Thursday, May 21, 2015

Holiday Weekend Starts Dry, Ends Stormy?

Kids are getting out of school, parents are excited to have a long Memorial Day holiday weekend and the weather is…a mixed bag.  A weak front has staggered to our south and will bring us slightly less humid air on Friday.  Any showers should stay along the coast.  Saturday begins fine but moisture will start returning allowing for some PM Storms to develop.  The rain machine will start cranking by late Sunday and continue into much of next week.  It won’t rain all the time, there will be many dry hours, but if you’re planning on doing any grilling outside, just know rain chances will be rather high (60%+) Monday-Wednesday.


I will be enjoying some time off for the next 2 weeks.  I intend to stay far away from computers and that means no blog updates for awhile.  I’ll see you in June all refreshed.

Wednesday, May 20, 2015

Stormy Thursday?

Today we reached 90 degrees in Kenner for the first time this year.  That kind of heat is usually enough to bubble up some daytime T-Storms.  We did have a couple of showers this afternoon, but coverage was limited to 20-30%.  The main storms stayed to our north & east and headed towards Mobile Bay. Based on what I’m seeing tonight, Thursday looks to be a more active day for T-Storms.  Why?   A weak cold front is coming + an upper disturbance in Texas is heading towards us.  Add in daytime heating and I feel we’ll see storm coverage in the 60-70% range or higher on Thursday.  IF this frontal boundary sags to our south, we could see a mostly dry Friday.  Daily storms return for Saturday & Sunday before rain chances increase for next Monday & Tuesday.  Memorial Day right now looks pretty wet at times.

Tuesday, May 19, 2015

Return to Normalcy?

I was watching The Weather Channel this morning with Jim Cantore talking about how the recent heavy rains have ended the drought in Texas & the central plains.   One of the ladies said it was nice “to return to normalcy”.   Huh?  What does that mean?   There is no “normalcy” in weather.   The averages or “normals” are determined by taking the peaks & valleys (the extremes) and averaging them out.  It rarely is normal on any given day.    But to say a “return to normalcy” implies the current CYCLES of weather have not happened before.   For example, several years ago the Southeast was experiencing a dry cycle (drought) with Lake Lanier north of Atlanta at record low levels.  Fast forward to now and the Lake has refilled after several rainy years.  Look at Texas where their dry spells dropped many lake levels to record lows.  In the past 2-3 months, a rainy cycle has refilled all lakes and eliminated all drought.    Even California is starting to see some rain during their dry time of year.  A growing El Nino is likely to curb our hurricane numbers, but it should also mean more storms returning to California this Fall and Winter.  Their rainy CYCLE will return.  Lack of rainfall has been a problem, but the main problem for California is too many people wanting to live there stressing the limited water resources available.    Think about it.  5 million population back in the 40s to 30+ million now.   You do the math.  That a huge increase in water demand.  What have the politico powers done to prepare for such increased demands?   Very little except to raise taxes…but back to weather.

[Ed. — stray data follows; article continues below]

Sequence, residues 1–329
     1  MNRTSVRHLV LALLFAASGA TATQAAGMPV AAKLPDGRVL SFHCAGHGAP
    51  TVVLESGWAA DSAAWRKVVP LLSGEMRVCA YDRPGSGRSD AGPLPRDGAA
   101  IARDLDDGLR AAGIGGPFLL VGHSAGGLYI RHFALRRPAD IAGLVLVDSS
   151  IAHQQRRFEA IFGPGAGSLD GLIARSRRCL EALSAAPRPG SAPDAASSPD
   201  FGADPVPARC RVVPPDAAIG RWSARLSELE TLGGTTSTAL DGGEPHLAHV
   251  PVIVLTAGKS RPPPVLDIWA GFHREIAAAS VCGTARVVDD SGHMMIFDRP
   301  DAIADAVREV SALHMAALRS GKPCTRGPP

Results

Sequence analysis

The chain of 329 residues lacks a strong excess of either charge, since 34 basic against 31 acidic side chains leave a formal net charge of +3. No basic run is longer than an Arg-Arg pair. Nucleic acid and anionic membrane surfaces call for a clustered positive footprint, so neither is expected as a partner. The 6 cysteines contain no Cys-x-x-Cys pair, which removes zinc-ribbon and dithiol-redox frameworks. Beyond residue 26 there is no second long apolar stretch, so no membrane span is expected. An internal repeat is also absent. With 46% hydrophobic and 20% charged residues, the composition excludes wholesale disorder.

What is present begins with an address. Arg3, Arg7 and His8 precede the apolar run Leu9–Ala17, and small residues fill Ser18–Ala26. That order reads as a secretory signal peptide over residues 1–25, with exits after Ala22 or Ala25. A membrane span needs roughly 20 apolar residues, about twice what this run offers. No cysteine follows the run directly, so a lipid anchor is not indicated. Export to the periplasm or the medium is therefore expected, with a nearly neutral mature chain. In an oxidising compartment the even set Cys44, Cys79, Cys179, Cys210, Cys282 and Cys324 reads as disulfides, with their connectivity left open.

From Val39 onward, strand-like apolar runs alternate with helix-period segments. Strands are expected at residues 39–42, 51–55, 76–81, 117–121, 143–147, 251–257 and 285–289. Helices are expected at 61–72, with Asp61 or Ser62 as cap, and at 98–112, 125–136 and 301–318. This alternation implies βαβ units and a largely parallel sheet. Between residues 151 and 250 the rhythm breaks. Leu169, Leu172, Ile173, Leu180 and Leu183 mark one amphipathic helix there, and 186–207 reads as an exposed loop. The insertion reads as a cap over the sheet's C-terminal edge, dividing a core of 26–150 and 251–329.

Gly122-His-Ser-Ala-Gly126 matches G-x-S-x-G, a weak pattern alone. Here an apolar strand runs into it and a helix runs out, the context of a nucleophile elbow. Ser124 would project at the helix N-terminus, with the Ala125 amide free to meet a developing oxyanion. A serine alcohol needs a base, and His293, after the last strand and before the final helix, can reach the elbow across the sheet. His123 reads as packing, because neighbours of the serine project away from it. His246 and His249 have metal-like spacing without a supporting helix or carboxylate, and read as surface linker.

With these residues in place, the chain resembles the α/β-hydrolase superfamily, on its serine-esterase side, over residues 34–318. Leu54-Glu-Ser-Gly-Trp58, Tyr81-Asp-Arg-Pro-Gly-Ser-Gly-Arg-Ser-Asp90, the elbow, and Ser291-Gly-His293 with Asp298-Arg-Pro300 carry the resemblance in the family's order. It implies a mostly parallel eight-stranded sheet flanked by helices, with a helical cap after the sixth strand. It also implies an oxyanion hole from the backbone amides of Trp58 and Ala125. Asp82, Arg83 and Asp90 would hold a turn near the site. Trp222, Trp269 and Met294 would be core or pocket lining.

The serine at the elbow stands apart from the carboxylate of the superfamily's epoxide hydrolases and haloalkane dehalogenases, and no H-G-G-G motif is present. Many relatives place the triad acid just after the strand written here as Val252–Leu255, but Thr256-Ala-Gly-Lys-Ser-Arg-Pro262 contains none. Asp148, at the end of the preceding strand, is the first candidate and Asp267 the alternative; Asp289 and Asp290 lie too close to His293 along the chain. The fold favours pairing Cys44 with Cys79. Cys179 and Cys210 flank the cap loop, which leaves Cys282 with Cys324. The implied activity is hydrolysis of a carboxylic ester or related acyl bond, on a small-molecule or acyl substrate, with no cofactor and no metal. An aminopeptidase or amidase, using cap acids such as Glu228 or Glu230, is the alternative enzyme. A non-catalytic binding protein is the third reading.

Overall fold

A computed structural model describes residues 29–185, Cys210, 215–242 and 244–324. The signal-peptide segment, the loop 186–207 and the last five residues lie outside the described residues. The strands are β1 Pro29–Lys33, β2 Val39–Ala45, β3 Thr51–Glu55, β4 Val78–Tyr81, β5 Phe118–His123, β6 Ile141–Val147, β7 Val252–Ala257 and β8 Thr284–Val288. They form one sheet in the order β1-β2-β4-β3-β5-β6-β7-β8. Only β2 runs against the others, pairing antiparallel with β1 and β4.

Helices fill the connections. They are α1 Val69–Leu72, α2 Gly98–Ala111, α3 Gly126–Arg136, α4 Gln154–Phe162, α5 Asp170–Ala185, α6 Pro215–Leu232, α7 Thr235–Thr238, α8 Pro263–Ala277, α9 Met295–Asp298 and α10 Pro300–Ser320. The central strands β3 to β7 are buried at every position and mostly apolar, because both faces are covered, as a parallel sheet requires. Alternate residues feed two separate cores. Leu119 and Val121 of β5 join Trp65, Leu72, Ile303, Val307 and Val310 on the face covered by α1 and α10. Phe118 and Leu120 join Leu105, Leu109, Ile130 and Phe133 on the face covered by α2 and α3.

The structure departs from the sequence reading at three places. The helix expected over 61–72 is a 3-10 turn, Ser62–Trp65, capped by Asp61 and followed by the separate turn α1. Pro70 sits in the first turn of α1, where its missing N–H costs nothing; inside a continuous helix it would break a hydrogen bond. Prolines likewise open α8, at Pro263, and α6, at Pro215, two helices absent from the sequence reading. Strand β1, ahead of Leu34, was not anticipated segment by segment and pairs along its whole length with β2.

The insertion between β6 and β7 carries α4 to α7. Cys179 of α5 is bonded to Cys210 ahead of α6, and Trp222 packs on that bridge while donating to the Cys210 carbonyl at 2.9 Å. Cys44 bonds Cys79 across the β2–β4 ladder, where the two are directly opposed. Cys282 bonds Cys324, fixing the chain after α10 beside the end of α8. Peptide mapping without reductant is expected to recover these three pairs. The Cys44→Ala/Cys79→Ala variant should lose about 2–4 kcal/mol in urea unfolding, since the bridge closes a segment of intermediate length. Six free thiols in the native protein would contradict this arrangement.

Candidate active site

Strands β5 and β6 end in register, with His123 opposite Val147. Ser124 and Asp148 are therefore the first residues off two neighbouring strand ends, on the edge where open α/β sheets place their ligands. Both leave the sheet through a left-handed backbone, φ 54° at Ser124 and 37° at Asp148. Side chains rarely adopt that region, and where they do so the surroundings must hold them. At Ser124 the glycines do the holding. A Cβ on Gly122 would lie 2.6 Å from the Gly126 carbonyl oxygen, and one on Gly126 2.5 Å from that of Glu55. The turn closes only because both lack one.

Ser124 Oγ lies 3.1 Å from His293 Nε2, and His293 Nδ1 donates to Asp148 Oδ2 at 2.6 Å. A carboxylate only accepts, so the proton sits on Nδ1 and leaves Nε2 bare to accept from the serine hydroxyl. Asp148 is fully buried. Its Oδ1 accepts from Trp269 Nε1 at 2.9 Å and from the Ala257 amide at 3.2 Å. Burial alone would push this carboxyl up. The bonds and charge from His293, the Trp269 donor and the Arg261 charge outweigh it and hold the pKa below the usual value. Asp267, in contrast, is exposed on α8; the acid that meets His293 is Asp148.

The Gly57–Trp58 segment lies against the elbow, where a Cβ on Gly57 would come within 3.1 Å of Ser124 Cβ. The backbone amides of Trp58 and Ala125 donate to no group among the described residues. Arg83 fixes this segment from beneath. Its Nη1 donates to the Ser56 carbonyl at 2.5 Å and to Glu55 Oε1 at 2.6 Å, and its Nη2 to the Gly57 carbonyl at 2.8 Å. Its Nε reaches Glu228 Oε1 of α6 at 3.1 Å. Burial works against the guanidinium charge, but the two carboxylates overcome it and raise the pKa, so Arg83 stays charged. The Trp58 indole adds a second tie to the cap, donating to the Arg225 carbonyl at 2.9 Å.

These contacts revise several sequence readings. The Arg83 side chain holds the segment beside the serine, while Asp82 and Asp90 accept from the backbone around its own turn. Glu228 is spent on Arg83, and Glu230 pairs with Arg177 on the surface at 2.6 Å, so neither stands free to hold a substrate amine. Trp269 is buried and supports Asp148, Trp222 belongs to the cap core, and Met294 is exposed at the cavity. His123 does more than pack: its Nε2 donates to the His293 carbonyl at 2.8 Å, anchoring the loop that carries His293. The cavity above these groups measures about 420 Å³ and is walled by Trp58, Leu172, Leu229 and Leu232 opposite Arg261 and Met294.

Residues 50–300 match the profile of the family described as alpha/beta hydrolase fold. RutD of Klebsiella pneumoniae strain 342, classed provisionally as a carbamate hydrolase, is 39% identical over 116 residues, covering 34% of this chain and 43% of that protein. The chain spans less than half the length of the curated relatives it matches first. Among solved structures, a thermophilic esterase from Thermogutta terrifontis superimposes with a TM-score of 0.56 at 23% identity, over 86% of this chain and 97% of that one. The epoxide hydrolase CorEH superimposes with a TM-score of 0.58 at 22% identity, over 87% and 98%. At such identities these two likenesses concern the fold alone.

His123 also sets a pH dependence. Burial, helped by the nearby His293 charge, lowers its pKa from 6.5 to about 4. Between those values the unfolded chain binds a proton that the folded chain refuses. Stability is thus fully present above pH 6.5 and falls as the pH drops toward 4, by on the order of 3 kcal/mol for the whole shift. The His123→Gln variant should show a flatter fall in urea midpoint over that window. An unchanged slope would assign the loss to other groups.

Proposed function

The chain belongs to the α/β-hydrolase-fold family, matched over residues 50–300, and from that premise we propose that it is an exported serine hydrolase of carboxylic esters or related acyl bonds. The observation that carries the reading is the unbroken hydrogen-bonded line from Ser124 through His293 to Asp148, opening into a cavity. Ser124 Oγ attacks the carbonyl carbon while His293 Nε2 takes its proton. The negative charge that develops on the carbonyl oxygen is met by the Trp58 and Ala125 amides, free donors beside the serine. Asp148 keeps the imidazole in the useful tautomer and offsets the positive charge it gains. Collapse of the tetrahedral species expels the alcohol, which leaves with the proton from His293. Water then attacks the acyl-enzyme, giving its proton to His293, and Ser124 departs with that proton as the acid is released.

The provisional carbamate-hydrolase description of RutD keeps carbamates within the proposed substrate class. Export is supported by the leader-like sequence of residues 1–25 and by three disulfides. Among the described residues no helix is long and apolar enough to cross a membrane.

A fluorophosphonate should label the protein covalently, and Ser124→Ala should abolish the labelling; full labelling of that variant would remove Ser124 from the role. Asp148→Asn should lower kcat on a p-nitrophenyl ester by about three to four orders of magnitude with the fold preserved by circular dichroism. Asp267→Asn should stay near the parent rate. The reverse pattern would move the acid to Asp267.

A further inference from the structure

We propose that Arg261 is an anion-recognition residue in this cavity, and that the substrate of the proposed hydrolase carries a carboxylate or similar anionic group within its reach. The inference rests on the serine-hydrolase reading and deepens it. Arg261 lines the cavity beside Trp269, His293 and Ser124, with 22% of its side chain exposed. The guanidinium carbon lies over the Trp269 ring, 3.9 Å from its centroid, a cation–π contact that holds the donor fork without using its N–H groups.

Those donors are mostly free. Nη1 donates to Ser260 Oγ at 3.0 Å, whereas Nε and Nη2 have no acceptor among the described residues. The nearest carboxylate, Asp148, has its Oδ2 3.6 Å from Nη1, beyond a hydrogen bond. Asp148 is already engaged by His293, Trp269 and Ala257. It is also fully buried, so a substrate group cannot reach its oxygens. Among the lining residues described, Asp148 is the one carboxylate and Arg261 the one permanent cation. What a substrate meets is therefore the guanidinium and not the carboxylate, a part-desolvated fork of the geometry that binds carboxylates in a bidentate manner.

Our rain coverage today was far less, but the intensity of the storms that developed were strong, typical of a summer afternoon.  I expect about the same coverage on Wednesday with an increase Thursday afternoon as a weak front staggers close.  If that front makes it, we could see slightly drier conditions for Friday & Saturday.  When we see few, if any showers, that usually means hotter temps.   Look for our first 90 at MSY either Friday or Saturday or both.

Monday, May 18, 2015

Efficient Rainmakers...

Since our dew points are back 70+ now, it’s a reminder of how much moisture (water vapor) the summer atmosphere has versus other times of the year.  A basic weather principal is …the warmer the air, the higher capacity to hold more water vapor.   NWS often refers to this in their discussions by calling T-Storms “efficient rainmakers”.   Today was an example.  It didn’t rain for long (2 hours) but the intensity (1-2”+ in less than an hour)of the showers were enough to cause minor street flooding.  The challenge of forecasting this week is seeing where an old frontal boundary sets up.  That will be the focus for our daily rain storms.  One day it might be over the North Shore, the next day over the South Shore and the next day gone.  One thing is almost certain now that we have such summer moisture around, it will rain somewhere every day.  Only when an upper high builds over us (a cap) will we stay mostly dry.  That’s called a HEAT WAVE!   Our daily storms are Mother Nature’s air conditioners.